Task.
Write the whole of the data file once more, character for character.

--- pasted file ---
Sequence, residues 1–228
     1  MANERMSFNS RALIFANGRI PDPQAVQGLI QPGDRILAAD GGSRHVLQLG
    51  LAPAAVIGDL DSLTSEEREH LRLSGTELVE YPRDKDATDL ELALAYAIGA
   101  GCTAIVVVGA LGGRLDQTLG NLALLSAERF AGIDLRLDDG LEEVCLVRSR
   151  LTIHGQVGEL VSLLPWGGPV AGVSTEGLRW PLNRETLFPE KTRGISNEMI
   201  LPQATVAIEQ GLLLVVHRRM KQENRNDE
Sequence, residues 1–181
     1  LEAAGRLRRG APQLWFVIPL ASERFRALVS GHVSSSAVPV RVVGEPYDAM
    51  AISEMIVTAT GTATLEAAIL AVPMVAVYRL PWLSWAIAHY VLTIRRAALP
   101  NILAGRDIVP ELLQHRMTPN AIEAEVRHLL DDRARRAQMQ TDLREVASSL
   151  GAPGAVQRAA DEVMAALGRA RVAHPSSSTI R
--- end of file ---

Sequence, residues 1–228
     1  MANERMSFNS RALIFANGRI PDPQAVQGLI QPGDRILAAD GGSRHVLQLG
    51  LAPAAVIGDL DSLTSEEREH LRLSGTELVE YPRDKDATDL ELALAYAIGA
   101  GCTAIVVVGA LGGRLDQTLG NLALLSAERF AGIDLRLDDG LEEVCLVRSR
   151  LTIHGQVGEL VSLLPWGGPV AGVSTEGLRW PLNRETLFPE KTRGISNEMI
   201  LPQATVAIEQ GLLLVVHRRM KQENRNDE
Sequence, residues 1–181
     1  LEAAGRLRRG APQLWFVIPL ASERFRALVS GHVSSSAVPV RVVGEPYDAM
    51  AISEMIVTAT GTATLEAAIL AVPMVAVYRL PWLSWAIAHY VLTIRRAALP
   101  NILAGRDIVP ELLQHRMTPN AIEAEVRHLL DDRARRAQMQ TDLREVASSL
   151  GAPGAVQRAA DEVMAALGRA RVAHPSSSTI R